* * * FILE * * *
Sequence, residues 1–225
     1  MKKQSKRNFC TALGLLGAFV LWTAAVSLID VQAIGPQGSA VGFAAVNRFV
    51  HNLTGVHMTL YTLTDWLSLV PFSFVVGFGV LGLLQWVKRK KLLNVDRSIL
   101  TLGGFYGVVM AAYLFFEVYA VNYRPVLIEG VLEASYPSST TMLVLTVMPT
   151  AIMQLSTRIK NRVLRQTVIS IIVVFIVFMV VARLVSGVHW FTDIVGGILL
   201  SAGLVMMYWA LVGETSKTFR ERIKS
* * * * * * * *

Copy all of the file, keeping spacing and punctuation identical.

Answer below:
Sequence, residues 1–225
     1  MKKQSKRNFC TALGLLGAFV LWTAAVSLID VQAIGPQGSA VGFAAVNRFV
    51  HNLTGVHMTL YTLTDWLSLV PFSFVVGFGV LGLLQWVKRK KLLNVDRSIL
   101  TLGGFYGVVM AAYLFFEVYA VNYRPVLIEG VLEASYPSST TMLVLTVMPT
   151  AIMQLSTRIK NRVLRQTVIS IIVVFIVFMV VARLVSGVHW FTDIVGGILL
   201  SAGLVMMYWA LVGETSKTFR ERIKS